Day, Matthew, and Malcolm Moore. "Tearful Archbishop Resigns at First Mass as He Admits Spying for the Secret Police." Telegraph (London), 9 Jan. 2007. [http://www.telegraph.co.uk]
Mgr. Stanislaw Wielgus, newly appointed Archbishop of Warsaw, resigned on 7 January 2007 "minutes before he was due to celebrate his inaugural mass, after admitting that he had been an informant for Poland's communist-era secret police."
Matei, Florina Cristiana, and Thomas C. Bruneau. "Policymakers and Intelligence Reform in the New Democracies." International Journal of Intelligence and CounterIntelligence 24, no. 4 (Winter 2011-2012): 656-691.
The authors look at Brazil, Argentina, Peru, Poland, Romania, Spain, and Russia ("a stunning case of democratic regress"). In "at least four" of these countries -- "Poland, Brazil, Romania, and Spain -- the decisionmakers have managed to institutionalize agencies that are either transparent or effective, or both."
Moore, Molly. "Report Gives Details on CIA Prisons: NATO Pacts Exploited, European Probe Finds." Washington Post, 9 Jun. 2007, A1. [http://www.washingtonpost.com]
According to an investigative report completed for the Council of Europe and released in Paris on 8 June 2007, "[t]he CIA exploited NATO military agreements to help it run secret prisons in Poland and Romania where alleged terrorists were held in solitary confinement for months, shackled and subjected to other mental and physical torture.... Officials speaking on behalf of the CIA, NATO, Poland and Romania ... criticized the report's findings."
Pomfret, John. "Cloak and Dagger and Johnnie Walker Red." Washington Post National Weekly Edition, 23-29 Jan. 1995, 15-16.
Several weeks after Iraq's invasion of Kuwait in August 1990, Polish intelligence officers smuggled six American intelligence personnel (apparently a mix of CIA and DIA officers) out of Iraq and into the safety of Turkey. In at least two other operations, the Poles later aided another 15 foreigners to escape.
Materials arranged chronologically.
Stylinski, Andrzej. "Poland: Russia Spying Increased." Associated Press, 21 Jan. 2000.
On 20 January 2000, the Polish government announced that "it was expelling nine Russian diplomats, saying it had proof they were spying 'against Poland's vital interests.'"
Finn, Peter. "Diplomats Ejected Day After Poland Ousts Russians." Washington Post, 22 Jan. 2000, A16. [http://www.washingtonpost.com]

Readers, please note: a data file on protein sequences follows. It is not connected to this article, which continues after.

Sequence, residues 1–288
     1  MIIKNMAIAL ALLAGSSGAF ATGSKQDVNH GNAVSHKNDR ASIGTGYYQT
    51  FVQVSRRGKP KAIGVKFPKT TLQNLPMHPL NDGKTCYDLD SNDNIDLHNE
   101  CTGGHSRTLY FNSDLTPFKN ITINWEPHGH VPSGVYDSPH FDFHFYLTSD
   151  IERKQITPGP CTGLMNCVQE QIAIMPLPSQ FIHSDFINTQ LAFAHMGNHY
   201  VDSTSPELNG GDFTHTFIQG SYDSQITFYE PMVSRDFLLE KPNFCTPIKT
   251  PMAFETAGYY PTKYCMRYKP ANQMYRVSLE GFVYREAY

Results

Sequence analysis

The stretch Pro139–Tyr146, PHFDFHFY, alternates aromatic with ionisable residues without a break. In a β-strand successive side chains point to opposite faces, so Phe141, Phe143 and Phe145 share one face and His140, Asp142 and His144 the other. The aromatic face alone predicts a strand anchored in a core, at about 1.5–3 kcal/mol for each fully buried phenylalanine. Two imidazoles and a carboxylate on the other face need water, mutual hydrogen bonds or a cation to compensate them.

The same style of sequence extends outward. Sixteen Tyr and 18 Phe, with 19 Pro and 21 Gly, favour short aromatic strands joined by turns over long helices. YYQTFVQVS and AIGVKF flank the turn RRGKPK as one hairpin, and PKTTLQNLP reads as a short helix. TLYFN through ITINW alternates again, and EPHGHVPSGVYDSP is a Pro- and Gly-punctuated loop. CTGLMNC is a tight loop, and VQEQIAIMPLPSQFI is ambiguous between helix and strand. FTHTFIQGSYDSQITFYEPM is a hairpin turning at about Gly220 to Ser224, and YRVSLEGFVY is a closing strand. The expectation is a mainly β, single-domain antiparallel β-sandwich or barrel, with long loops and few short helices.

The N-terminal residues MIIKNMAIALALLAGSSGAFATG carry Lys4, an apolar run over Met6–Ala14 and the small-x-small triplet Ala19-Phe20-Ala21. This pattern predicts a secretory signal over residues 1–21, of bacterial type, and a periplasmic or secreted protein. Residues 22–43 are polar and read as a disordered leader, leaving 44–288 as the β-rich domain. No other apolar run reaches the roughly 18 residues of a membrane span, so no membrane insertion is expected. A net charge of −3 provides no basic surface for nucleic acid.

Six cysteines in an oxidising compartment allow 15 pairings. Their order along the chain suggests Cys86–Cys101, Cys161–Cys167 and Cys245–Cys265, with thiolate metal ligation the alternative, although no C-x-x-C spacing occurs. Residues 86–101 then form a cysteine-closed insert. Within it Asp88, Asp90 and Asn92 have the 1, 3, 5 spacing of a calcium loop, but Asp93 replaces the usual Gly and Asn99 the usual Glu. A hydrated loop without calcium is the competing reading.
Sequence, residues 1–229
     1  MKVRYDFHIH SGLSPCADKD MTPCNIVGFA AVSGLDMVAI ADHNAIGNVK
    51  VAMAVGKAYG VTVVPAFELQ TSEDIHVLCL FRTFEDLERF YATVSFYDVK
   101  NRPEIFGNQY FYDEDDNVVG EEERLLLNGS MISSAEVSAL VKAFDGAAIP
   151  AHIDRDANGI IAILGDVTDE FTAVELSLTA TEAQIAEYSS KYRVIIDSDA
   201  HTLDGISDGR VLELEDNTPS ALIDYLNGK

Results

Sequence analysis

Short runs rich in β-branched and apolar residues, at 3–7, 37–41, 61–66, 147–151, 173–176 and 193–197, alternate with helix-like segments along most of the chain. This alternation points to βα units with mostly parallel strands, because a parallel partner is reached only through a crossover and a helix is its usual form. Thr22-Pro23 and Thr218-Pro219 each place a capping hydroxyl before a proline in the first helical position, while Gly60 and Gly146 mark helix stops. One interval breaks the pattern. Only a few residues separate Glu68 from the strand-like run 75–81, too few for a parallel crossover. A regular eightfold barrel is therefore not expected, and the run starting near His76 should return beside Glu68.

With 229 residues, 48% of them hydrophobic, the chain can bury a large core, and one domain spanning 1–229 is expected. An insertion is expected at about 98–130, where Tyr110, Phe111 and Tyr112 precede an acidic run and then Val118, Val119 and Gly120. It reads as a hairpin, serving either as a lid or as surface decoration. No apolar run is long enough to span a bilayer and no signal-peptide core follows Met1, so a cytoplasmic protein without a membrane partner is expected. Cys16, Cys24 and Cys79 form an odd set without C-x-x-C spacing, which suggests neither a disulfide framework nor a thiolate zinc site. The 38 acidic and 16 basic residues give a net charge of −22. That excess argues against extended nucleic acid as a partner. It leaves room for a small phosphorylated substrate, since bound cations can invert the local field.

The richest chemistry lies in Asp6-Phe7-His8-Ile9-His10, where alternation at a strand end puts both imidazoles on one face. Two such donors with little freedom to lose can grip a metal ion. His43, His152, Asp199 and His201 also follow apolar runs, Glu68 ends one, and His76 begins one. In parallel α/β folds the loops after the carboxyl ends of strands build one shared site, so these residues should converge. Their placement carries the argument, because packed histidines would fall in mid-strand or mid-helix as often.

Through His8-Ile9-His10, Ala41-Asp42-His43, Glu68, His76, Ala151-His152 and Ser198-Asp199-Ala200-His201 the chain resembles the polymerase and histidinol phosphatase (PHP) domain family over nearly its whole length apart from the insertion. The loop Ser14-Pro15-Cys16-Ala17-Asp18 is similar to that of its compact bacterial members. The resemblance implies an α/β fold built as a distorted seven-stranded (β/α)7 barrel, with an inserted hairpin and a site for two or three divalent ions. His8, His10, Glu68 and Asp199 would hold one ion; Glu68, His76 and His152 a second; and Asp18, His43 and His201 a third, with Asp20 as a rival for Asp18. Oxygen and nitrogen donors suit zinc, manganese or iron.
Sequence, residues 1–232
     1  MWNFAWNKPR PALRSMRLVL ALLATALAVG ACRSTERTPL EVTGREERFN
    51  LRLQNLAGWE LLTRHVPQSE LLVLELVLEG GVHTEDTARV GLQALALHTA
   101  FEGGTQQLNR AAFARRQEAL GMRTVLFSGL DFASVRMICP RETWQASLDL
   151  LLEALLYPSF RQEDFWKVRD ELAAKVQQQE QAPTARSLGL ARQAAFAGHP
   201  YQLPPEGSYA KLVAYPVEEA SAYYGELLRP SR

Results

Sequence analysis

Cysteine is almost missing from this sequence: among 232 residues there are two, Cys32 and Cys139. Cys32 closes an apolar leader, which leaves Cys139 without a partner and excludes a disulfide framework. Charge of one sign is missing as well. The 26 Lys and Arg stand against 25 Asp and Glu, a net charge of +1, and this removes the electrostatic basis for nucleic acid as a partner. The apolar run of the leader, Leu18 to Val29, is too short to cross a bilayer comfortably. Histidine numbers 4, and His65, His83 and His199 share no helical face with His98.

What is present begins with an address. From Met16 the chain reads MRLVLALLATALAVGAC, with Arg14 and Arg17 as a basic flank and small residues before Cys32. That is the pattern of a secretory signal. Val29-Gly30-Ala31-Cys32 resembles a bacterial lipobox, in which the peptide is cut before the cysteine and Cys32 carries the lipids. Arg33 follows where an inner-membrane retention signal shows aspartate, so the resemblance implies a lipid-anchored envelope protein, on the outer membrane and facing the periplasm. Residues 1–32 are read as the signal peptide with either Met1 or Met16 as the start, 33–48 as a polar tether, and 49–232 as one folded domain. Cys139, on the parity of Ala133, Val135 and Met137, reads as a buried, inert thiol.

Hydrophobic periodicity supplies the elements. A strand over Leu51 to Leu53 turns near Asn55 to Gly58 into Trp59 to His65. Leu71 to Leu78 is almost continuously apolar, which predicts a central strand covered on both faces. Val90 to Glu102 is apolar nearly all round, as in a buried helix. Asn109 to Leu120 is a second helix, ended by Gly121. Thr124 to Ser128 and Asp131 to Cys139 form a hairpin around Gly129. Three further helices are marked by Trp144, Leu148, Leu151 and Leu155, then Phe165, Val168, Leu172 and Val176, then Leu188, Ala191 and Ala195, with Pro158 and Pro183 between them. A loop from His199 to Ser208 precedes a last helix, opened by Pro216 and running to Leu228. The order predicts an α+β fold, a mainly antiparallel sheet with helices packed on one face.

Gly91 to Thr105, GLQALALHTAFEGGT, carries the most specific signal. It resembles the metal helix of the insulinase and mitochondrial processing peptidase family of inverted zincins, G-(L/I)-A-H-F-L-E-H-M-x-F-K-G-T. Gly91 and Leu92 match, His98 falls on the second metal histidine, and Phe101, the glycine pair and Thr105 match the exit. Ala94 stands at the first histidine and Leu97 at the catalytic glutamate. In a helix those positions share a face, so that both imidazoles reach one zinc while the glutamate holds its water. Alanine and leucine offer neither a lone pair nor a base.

"Russia retaliated against Poland [on 21 January 2000] by ordering nine Polish diplomats to leave Moscow, charging that the West had orchestrated Poland's expulsion [on 20 January 2000] of nine Russian diplomats to 'test' acting President Vladimir Putin.... [Polish] Foreign Ministry spokesman Pawel Dobrowolski said he could not confirm Polish media reports that the government consulted with NATO on the expulsions, but added that because Poland 'is a full NATO member, then it is obvious that such things happen as part of a fully coordinated activity.'"
Current Digest of the Post-Soviet Press, 23 Feb. 2000, 22-23, carries condensations of three articles from the Russian press:
1. Maksim Yusin, Izvestia, 22 Jan. 2000, says that this "conflict could have been avoided had there been any such desire.... Someone simply ordered this up for political reasons ... (a presidential election [in Poland] is coming up)."
2. Igor Korotchenko, Nexavisimaya gazeta, 22 Jan. 2000, 1-2, notes that "with the Polish Republic now a member of NATO, the Warsaw stations of Russia's Foreign Intelligence Service (SVR) and Chief Intelligence Administration (GRU) will be operating in an environment of greatly intensified counterintelligence measures.... In all likelihood, leads on Russian intelligence operatives in Warsaw were provided by a Western special service -- the CIA or [Britain's] Secret Intelligence Service, for example -- that has a mole either in Yasenevo [SVR headquarters in southwestern Moscow] or in one of the SVR's European stations."
3. Igor Korotchenko, Nexavisimaya gazeta, 25 Jan. 2000, 1, reports the reciprocal expulsion of nine Polish diplomats by the Russian authorities.